Persistent Link:
http://hdl.handle.net/10150/282685
Title:
Consequences of polyamine acetylation and export in bacteria
Author:
Woolridge, Dale Preston, 1967-
Issue Date:
1998
Publisher:
The University of Arizona.
Rights:
Copyright © is held by the author. Digital access to this material is made possible by the University Libraries, University of Arizona. Further transmission, reproduction or presentation (such as public display or performance) of protected items is prohibited except with permission of the author.
Abstract:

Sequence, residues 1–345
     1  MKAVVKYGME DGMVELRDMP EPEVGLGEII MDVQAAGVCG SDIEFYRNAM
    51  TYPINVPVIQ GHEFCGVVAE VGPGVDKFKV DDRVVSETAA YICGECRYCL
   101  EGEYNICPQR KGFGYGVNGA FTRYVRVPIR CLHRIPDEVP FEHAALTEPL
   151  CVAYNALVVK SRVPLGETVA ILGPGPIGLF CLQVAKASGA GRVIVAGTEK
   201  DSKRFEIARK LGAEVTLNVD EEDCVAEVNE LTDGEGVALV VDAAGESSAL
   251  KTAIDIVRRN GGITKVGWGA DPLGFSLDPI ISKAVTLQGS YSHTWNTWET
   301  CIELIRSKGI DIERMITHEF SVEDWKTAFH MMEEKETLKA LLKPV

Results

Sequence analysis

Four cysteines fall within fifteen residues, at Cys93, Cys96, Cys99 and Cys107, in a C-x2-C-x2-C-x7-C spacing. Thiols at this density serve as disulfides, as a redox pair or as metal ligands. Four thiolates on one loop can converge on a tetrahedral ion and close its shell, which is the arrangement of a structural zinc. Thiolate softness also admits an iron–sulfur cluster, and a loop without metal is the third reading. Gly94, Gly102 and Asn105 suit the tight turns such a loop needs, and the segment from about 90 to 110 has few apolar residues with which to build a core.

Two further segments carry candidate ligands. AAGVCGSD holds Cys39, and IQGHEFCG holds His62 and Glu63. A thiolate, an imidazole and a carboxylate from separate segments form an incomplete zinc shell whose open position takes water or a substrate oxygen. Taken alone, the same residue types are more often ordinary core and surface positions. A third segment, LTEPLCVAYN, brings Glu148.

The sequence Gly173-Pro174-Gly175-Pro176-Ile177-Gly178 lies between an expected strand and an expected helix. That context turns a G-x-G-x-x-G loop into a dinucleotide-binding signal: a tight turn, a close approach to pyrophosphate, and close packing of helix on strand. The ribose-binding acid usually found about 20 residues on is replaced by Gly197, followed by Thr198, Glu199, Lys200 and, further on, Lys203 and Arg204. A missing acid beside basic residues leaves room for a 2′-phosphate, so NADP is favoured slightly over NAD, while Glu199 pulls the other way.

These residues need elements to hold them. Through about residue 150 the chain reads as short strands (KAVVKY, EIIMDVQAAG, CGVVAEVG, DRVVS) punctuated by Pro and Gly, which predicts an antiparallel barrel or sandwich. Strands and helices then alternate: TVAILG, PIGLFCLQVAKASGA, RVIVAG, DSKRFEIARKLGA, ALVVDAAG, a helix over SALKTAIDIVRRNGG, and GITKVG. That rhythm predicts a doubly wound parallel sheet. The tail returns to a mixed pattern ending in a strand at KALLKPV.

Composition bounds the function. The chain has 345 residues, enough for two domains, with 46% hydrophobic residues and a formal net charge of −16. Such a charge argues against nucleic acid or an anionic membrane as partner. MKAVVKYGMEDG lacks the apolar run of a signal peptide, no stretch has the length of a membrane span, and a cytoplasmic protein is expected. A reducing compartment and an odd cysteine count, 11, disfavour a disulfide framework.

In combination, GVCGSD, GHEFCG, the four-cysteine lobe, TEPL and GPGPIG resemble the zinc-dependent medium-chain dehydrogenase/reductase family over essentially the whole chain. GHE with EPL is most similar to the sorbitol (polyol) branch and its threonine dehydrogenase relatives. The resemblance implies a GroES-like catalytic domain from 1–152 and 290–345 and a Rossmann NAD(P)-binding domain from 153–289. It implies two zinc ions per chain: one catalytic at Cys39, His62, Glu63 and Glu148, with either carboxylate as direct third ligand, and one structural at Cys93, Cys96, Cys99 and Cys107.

Polyamines are the natural organic cations of the cell. They are found in all organisms and are known to be required for optimal cell growth and viability. Here it is shown that restoration of polyamine levels in polyamine deficient HT653 cells restores growth. An important mechanism of polyamine degradation in animal cells occurs through acetylation. This is the rate limiting step in the degradation pathway. Polyamine acetylation has been shown to be activated when the cell is presented with a stressful environment. It is believed that acetylation acts to inactivate and deplete the functional concentration of polyamines in the cell. The suppressed polyamine levels result in growth cessation and a potential mechanism in which cells may survive hostile environments. This hypothesis implies that the acetyl-derivatives in themselves have no affect on growth and are simply degradative intermediates. Polyamine acetylation deficient CAG2242 cells over expressing the human polyamine acetyltransferase, N¹SSAT have suppressed polyamine levels, an abundance of the acetyl-derivatives, and exhibit suppressed growth. Restoring polyamines to their original levels with exogenous addition does not restore growth. This gives evidence that the acetyl-derivatives confer a suppressive effect on growth and are in fact not biologically inert. The levels of polyamines within a cell are under tight regulation through mechanisms of synthesis, degradation, import, and export. Recently, a multidrug transporter in Bacillus subtilis, Blt, has been characterized. This protein is co-transcribed and co-regulated with a protein, BltD, that has high homology to a variety of N-acetyltransferases. Our work shows that Blt mediates efflux of spermidine out of the cell. In addition, BltD specifically acetylates both spermidine and spermine at the propylamine moieties. The fact that these proteins are co-regulated in the same operon strongly suggests that this represents a mechanism for rapid polyamine depletion. Interestingly, cells over expressing Blt and BltD grow at slower rates and are sporulation deficient. The mammalian N¹SSAT and Escherichia coli SpeG polyamine acetyltransferases have been characterized in detail. Here, the polyamine acetylation properties of BltD are characterized. Comparisons are made to the mammalian and E. coli counterparts and models are proposed.